Fewer office workers hits Woolies sales

Woolworths will write-down the value of 13 of its CBD stores by about $50 million as they struggle for sales with fewer office workers nearby.

The supermarket giant mentioned the charge while flagging its full-year earnings were likely to include a $57 million pre-tax net gain from significant items.

The retailer has reviewed its Metro Food Stores in view of many office workers, who usually contribute greatly to sales, working from home due to the coronavirus.

Woolworths said sales in these locations continued to be impacted.

The group had 72 Metro stores and 996 supermarkets across Australia as of April 4.

Chief executive Brad Banducci said the company remained committed to Metro stores, having refined their range in recent years.

“However, the changing customer work and shopping patterns we have seen over the last 15 months have negatively impacted some of our stores, particularly in CBD and transit locations,” he said.

He said most Metro stores were in locations not impacted by fewer office workers.

The company reported surging sales earlier this financial year as many shoppers stocked up on goods in fear of coronavirus lockdowns.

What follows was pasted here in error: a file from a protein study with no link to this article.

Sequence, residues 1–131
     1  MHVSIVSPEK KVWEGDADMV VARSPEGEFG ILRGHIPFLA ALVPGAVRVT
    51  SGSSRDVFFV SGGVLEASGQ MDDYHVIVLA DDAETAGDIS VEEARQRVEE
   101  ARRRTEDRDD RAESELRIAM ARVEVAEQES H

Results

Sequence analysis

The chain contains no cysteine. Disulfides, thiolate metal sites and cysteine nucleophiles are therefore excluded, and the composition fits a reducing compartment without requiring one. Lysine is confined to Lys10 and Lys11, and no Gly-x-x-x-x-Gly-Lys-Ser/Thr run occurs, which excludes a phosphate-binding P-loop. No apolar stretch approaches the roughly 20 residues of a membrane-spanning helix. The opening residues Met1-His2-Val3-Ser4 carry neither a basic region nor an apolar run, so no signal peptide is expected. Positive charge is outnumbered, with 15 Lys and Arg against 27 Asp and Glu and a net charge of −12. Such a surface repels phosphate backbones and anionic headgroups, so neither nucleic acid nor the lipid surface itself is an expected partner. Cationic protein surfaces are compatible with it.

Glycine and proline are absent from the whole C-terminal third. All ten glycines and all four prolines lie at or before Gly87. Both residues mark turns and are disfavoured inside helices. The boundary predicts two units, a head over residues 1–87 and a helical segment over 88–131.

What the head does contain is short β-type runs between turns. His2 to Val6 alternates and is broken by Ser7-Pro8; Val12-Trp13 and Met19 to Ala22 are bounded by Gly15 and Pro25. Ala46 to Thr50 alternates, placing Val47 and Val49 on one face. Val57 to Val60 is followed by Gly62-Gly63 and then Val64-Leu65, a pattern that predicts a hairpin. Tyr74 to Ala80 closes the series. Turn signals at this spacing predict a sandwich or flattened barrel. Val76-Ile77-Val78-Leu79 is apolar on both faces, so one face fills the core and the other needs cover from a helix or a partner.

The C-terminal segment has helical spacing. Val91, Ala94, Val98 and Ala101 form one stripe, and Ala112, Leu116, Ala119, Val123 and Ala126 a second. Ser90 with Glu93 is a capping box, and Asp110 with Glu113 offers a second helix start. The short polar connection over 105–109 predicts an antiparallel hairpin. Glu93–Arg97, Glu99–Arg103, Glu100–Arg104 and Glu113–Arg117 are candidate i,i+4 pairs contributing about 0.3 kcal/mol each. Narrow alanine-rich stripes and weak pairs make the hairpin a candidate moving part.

The expected $57 million pre-tax net gain from significant items is largely due to the rising value of Woolworths’ stake in data analytics firm Quantium.

A gain on equity interest of $220 million is expected.

This will more than offset the Metro Food stores writedown ($50 million), transaction costs for demerging Endeavour Group and buying PFD Food Services ($69 million), and worker redundancies at a Sydney distribution centre ($44 million).

The full-year earnings are due on August 26.

Shares were down 1.98 per cent to $42.49 at 1304 AEST amid a wider market downturn.

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